Remember beer? Of course you do. Remember drinking beer peacefully in the bar? A distant memory (Perhaps).
In celebration of the season to be jolly, we want to give you a short refresher on the distinction between the beers you order. If this is not a refresher but a whole new class, don’t worry, it ends well: you CAN drink beer and you will be able to order it with a lot more confidence.
Robert Nsibirwa the Club Pilsener brand manager, who knows quite a lot about beer, filled in a few gaps. The first thing he says is that the difference in beers mainly comes down to the fermentation process. “It is largely determined by the yeasts that go into the process.”
What is a lager?
This is arguably the best known type of beer the Ugandan market. The light colour is the first characteristic. But what makes a lager distinctly a lager?
Lagers make use of bottom fermenting yeasts. They end up producing the lighter looking beers, with a more neutral taste. This taste allows the manifestation of other flavors that can be brought on by addition of hops or grain used in the fermentation process.
What about a pilsener?
Have you been ordering lagers and pilsners like they are the same thing? On sight pilsners might be paler in colour than a lager.
A pilsner is a type of lager. Pilsners have a hopier flavor which gives them that distinct flavor. A good example is Club pilsener lager-what we add to it for that hopier taste is Saaz aromatic hops.
What’s up with a stout?
I know a stout because of its thick texture and dark colour. The bitter taste is not synonymous with all stouts. You have probably noticed people mixing their stout with a cola drink to both ‘dilute’ it and mute that taste. Those people will be glad to know that not all Stouts are made bitter, some are sweet.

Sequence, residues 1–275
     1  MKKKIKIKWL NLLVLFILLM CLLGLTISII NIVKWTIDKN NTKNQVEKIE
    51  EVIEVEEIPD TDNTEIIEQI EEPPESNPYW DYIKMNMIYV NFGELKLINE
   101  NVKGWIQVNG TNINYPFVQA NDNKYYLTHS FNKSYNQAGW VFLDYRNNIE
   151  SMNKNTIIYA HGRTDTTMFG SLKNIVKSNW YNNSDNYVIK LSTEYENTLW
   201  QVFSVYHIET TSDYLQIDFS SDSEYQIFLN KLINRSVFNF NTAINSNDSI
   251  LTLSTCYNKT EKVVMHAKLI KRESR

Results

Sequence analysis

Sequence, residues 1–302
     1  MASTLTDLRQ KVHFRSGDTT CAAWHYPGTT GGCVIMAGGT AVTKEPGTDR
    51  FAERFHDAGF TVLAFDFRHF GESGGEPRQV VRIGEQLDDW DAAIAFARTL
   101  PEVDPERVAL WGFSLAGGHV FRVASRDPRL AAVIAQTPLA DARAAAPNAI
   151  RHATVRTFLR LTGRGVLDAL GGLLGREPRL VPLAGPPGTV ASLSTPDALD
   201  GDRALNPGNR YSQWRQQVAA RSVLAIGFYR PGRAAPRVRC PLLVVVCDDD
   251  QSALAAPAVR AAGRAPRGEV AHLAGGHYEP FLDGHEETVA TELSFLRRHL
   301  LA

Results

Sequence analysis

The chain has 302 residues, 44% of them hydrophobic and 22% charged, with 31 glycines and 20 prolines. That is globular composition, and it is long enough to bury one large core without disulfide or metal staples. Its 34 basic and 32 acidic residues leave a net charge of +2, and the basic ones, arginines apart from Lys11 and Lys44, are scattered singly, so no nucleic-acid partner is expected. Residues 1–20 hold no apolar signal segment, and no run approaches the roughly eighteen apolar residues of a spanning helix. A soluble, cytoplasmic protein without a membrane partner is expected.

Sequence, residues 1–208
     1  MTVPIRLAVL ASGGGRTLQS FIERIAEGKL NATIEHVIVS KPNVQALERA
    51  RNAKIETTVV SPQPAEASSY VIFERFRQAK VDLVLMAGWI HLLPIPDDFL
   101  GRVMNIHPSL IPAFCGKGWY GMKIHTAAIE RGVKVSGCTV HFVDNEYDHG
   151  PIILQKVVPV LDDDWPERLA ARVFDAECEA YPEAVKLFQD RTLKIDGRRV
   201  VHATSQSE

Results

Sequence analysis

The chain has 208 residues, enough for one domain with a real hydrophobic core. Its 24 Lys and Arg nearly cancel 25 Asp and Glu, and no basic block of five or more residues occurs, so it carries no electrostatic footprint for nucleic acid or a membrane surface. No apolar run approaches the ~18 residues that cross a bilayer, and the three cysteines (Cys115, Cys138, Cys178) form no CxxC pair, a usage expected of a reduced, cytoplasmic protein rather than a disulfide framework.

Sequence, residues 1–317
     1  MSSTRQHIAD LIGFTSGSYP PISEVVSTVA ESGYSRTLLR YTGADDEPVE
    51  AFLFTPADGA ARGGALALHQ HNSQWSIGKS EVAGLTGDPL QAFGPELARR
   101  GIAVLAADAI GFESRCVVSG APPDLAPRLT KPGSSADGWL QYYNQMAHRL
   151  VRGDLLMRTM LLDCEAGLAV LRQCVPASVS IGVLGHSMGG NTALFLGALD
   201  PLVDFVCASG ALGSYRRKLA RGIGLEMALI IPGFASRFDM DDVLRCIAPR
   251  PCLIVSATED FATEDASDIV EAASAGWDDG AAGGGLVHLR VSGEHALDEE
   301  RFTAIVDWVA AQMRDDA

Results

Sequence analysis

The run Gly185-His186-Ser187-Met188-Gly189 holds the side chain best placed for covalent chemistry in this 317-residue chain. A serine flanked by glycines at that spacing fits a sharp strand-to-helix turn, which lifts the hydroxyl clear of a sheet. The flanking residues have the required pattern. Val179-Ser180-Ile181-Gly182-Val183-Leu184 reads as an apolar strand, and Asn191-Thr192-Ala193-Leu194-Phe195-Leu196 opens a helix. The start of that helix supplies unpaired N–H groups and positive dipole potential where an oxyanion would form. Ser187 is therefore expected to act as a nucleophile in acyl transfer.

Stouts are due to use of top fermenting yeasts at warmer temperatures. They have characteristic flavours from the fermentation process. The dark colour and that bitter taste are as a result of roasting the grain.
Do we have Ale’s?
Ale’s also make use of top fermenting yeast at warmer temperatures. They can be more flavorful and some contain hints of fruit. Their production is faster because they are normally not aged for more than a few weeks.
Banange brewing has some.
Quick safe drinking tips as you enter the holiday drinking season
- Check the ABV-That’s the little percentage somewhere on the bottle. It will indicate how much alcohol is in your drink. For some reason, people feel that they higher the percentage, the ‘stronger’ they are. A higher percentage doesn’t mean a better beer either. Drink what you can handle or switch to a drink with a lower ABV.
- Alternate an alcoholic drink with a water-Alcohol leads to dehydration. Those frequent visits to the loo should be an indicator. This is one of the reasons you feel weak and have that headache the next day.
- Pace-It’s not a race, is it? The beer is yours, drink slowly and you are likely to prevent yourself from going way past the point of enjoyment.